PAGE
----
A: I think there are a few things that have allowed us to sustain ourselves. I mean, obviously, the commitment of the community to supporting us has been a major factor. I think the core of the organization's commitment to serving and loving our neighbors well has helped us to always be very intentional with how we're doing our work, which makes it more impactful. I think as an organization we've always been committed to continuous improvement. Traditionally, I think you could find a lane and kind of stay in it as far as, 'I'm just going to provide XYZ services,' but, because we're committed to listening to our neighbors and responding to their needs and being nimble and pivoting when we need to — as long as it's central to that mission of promoting people's independence, it's allowed for us to be very intentional in doing our work.

Q: Chattanooga is home to a variety of nonprofits — what is it about the city that allows it to sustain so many?

A: I've worked with people across the state, and they are astounded by just the philanthropy in this city and the commitment to being sure that our neighbors are taken care of whether it be through our work as an organization or providing early learning for kids or whether it be providing for individuals with disabilities. I think that this community loves its people well and is generous and investing and being sure that folks who might not be as blessed as them are taken care of. And I think that through the years, organizations have learned to work together well to complement each other's work, and so I think that helps us to really expand our impact across the community.

Q: What sets the Northside Neighborhood House apart from other organizations?

A: I think the holistic approach to serving our neighbors in that we provide many different services under one roof, or several roofs, to encourage and support and provide and promote people's independence is very unique. I think we're unique in that we serve a footprint that is often underrepresented and under-resourced, and so people see that and know that and value that we're doing great work. ... I think that motto of a hand up, not a handout, and ensuring that we're not just providing for basic needs but also ... providing (people) with resources to be more stable, then also doing follow-up calls and ensuring that they're following through with some of the things that they said they were going to do, is really incredibly impactful.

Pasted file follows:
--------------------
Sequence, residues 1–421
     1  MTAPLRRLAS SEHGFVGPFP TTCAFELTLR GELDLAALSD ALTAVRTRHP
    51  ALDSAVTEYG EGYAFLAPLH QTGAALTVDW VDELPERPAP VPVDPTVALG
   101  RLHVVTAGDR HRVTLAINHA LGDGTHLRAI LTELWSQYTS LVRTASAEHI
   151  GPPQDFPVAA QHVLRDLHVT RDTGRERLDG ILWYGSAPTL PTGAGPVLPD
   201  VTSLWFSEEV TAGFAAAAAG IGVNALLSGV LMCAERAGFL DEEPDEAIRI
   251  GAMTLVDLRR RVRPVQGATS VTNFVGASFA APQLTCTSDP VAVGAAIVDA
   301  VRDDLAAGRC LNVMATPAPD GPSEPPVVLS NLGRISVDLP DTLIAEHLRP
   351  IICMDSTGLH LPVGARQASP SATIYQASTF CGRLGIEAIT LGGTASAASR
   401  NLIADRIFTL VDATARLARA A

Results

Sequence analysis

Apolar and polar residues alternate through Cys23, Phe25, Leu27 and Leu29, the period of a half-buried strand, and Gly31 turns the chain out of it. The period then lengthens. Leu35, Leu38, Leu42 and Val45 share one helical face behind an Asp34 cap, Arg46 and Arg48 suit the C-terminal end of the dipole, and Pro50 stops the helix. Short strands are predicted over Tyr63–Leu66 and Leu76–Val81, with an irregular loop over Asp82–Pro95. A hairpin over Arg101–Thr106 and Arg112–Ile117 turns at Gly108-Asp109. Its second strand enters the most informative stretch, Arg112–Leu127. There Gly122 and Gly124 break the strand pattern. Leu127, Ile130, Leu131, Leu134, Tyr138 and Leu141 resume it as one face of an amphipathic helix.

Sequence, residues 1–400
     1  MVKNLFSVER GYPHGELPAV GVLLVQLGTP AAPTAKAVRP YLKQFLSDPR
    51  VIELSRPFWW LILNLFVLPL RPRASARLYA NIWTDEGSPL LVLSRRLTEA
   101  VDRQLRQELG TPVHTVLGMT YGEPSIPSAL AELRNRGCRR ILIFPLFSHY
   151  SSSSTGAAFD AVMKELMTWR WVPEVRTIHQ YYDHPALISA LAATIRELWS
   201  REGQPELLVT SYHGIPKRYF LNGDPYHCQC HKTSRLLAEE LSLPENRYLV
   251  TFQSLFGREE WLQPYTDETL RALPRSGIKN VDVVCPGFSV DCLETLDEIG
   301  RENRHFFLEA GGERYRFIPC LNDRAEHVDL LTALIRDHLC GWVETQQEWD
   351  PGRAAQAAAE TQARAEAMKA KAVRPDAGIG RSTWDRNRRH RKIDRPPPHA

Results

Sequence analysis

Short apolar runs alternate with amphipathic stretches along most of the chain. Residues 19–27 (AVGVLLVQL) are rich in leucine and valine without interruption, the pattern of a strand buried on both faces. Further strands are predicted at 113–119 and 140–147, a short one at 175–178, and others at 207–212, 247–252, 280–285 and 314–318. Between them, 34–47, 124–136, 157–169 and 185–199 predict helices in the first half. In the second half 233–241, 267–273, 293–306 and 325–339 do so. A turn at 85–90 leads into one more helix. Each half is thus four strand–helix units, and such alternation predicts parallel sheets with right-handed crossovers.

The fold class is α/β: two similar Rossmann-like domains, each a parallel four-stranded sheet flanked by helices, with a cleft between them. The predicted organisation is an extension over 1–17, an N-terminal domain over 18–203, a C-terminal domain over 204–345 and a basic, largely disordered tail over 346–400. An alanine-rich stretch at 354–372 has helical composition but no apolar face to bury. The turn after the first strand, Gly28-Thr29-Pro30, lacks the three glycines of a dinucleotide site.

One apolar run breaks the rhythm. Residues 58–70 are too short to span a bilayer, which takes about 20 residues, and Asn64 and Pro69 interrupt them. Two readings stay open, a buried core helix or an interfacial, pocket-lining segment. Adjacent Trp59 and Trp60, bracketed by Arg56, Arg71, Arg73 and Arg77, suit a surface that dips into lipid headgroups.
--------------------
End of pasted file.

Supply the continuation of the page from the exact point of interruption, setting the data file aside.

(READ MORE: At 100, United Way of Greater Chattanooga continues evolving)

Q: Why might someone in need not want to reach out for help, and what would you say to encourage them to seek help?

A: Around 40% of the folks that we served last calendar year had never asked us for help before. ... It's humbling to have to ask for help, and so maybe that's why sometimes people don't reach out. But for 100 years, we've been committed to providing that hand-up to people when they need it, and there's nothing wrong with asking for help if you need it. And so, I would encourage anyone, if they live within our footprint, to definitely reach out to us, but if you need help, there are people out in the community that are really working to meet people's needs.

Q: What is your hope for the Northside Neighborhood House in the next 100 years?

A: My hope is that we continue to just a) respond to those basic needs, but b) continue to provide programming that equips our students and our families to access jobs that have more livable wages and to provide other connections for folks to really meet bold goals that they set for themselves.

Contact Sam Still at sstill@timesfreepress.com or 423-757-6579.